We narrate fragments of Finnegans Wake, accompanied by electro acoustic music, guitar, violin, banjo, sample loops, patterns, iterations and vocals.
The computer code behind the setup enables us to control and sample on-the-fly, yet also delivers unexpected artifacts, sounds and structures.
This leads to a performance which is more an open network of possibilities, associations and interpretations, that works as an analogy to the book.
Language is a character in Finnegans Wake. The book takes the form of a dream, and is written in a dream language, breaking the rules of grammar and spelling, in a prose mixed with musical forms constructed with onomatopoeic qualities. Besides the strong musical aspect of the language, the visual aspect of the text is also vital to the story.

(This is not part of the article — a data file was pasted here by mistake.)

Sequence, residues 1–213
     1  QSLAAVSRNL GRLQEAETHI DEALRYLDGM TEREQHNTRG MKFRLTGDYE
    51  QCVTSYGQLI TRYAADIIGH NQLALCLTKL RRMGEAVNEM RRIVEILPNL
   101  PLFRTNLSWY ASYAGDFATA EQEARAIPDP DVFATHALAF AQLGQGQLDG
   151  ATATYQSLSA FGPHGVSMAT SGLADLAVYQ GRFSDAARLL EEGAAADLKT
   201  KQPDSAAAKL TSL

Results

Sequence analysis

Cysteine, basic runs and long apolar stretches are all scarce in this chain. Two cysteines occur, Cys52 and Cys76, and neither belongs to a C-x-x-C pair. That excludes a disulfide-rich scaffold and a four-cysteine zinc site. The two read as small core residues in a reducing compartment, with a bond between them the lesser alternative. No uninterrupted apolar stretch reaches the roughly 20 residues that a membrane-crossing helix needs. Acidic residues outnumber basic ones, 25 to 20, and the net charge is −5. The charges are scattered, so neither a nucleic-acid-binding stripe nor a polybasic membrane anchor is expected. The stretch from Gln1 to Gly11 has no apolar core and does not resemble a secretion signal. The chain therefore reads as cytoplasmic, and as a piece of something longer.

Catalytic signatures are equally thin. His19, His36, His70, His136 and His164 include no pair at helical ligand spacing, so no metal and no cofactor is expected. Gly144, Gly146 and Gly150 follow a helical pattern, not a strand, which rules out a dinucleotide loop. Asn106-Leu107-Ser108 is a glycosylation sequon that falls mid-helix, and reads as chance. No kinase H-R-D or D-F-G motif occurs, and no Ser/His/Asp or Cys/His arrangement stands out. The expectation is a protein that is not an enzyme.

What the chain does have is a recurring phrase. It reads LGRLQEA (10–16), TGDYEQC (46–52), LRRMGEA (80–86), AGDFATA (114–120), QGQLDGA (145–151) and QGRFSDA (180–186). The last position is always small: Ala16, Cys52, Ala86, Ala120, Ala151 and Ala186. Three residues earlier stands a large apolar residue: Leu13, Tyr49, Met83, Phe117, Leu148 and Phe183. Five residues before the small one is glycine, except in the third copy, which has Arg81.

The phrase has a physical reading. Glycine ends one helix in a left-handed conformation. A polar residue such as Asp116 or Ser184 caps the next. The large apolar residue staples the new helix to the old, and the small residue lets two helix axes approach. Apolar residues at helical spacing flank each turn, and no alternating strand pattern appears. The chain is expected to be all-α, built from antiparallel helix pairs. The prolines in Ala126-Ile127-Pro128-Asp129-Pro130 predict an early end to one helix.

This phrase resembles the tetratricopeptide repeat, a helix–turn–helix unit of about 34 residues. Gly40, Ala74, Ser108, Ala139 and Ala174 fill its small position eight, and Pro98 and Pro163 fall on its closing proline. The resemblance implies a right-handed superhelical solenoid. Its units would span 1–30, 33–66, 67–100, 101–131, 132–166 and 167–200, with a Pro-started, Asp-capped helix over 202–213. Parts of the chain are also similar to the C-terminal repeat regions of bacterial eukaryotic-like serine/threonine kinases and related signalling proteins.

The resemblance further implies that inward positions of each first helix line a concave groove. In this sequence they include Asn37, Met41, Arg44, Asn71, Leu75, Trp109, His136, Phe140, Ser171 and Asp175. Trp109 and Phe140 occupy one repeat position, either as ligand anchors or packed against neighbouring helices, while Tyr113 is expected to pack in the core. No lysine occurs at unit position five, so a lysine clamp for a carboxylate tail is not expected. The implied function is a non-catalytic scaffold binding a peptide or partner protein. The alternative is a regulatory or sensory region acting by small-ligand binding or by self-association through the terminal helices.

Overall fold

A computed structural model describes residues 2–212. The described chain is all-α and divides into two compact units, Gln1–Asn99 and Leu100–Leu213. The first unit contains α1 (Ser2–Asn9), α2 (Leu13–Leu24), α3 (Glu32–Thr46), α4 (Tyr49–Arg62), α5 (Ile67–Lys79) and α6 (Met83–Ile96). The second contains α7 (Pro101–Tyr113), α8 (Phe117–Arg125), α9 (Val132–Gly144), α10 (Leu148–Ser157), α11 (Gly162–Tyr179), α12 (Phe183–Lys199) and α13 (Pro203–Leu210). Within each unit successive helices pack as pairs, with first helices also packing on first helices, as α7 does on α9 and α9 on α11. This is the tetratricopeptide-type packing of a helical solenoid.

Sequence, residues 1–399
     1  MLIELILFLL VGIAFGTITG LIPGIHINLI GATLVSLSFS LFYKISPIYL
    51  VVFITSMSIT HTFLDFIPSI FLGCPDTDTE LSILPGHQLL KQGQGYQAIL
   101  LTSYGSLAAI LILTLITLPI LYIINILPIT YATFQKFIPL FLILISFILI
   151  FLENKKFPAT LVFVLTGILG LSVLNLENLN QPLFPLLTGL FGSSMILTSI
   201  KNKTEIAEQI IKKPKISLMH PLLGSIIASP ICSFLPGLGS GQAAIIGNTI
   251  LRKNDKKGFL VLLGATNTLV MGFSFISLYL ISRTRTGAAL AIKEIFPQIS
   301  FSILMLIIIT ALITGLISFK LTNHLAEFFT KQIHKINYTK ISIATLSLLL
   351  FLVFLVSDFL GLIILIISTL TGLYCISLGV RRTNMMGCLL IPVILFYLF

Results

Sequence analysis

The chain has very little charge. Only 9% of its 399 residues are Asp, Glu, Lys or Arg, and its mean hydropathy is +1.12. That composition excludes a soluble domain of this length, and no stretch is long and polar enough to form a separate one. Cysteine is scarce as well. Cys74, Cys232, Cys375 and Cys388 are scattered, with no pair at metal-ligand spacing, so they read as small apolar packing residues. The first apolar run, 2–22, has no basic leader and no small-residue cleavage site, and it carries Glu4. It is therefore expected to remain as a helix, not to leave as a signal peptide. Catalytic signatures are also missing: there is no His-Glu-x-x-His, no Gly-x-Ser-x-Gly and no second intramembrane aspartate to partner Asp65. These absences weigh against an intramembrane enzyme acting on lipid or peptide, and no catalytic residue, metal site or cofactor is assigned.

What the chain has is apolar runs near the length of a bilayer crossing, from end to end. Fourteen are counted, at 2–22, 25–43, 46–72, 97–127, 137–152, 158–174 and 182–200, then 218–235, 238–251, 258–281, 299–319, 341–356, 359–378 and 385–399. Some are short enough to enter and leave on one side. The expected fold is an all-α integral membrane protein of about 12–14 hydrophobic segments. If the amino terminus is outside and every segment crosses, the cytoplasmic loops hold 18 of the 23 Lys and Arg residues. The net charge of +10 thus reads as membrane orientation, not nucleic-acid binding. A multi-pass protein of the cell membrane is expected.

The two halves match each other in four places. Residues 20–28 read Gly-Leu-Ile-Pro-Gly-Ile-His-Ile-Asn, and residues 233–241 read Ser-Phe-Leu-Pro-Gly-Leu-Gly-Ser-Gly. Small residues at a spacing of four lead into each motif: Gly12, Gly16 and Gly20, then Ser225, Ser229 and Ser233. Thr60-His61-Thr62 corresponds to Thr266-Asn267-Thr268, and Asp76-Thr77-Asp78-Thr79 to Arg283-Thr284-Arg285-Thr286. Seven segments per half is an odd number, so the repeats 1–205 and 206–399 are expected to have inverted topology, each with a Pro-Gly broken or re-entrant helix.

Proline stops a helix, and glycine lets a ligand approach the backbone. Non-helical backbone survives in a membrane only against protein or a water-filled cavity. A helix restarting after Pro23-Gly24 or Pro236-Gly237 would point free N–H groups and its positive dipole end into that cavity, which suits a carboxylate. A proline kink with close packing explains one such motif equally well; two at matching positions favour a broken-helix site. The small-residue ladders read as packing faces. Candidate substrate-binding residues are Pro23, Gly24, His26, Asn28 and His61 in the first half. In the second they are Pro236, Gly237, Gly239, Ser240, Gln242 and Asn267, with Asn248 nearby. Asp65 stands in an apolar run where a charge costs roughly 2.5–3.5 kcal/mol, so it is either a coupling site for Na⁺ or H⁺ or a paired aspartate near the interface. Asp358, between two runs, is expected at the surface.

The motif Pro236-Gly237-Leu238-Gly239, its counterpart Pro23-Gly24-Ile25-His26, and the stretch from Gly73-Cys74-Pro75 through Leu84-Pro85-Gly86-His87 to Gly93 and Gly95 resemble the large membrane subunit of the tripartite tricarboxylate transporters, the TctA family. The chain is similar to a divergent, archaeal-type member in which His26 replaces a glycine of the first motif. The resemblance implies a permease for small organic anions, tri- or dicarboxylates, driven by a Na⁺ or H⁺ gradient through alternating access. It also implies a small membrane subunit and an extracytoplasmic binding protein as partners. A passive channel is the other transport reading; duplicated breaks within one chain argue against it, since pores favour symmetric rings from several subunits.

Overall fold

Finnegans Wake is often seen as the most difficult work in literature. If you look beyond, you discover the rich imagination of a person with a highly idiosyncratic vision of the world. Joyce opposed violence, he tried to pierce the dogmatic binary gender roles and he was very critical of religion. These were progressive ideas for the strict Catholic Ireland of the early twentieth century, but also for the time in which we live now. The infinite imagination and elegant, socially engaged thoughts make Finnegans Wake unique and urgent reading.